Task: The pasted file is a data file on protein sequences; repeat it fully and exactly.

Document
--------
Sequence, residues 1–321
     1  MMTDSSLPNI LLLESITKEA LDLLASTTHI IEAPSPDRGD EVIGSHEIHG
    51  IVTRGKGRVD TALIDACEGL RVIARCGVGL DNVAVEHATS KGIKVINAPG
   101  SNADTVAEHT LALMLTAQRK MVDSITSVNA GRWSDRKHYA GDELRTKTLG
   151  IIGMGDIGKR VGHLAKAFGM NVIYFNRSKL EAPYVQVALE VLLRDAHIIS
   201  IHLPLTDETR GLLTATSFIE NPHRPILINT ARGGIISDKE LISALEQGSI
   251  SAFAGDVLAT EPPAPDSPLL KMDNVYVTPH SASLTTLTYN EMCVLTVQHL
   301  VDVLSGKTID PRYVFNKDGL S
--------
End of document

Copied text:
Sequence, residues 1–321
     1  MMTDSSLPNI LLLESITKEA LDLLASTTHI IEAPSPDRGD EVIGSHEIHG
    51  IVTRGKGRVD TALIDACEGL RVIARCGVGL DNVAVEHATS KGIKVINAPG
   101  SNADTVAEHT LALMLTAQRK MVDSITSVNA GRWSDRKHYA GDELRTKTLG
   151  IIGMGDIGKR VGHLAKAFGM NVIYFNRSKL EAPYVQVALE VLLRDAHIIS
   201  IHLPLTDETR GLLTATSFIE NPHRPILINT ARGGIISDKE LISALEQGSI
   251  SAFAGDVLAT EPPAPDSPLL KMDNVYVTPH SASLTTLTYN EMCVLTVQHL
   301  VDVLSGKTID PRYVFNKDGL S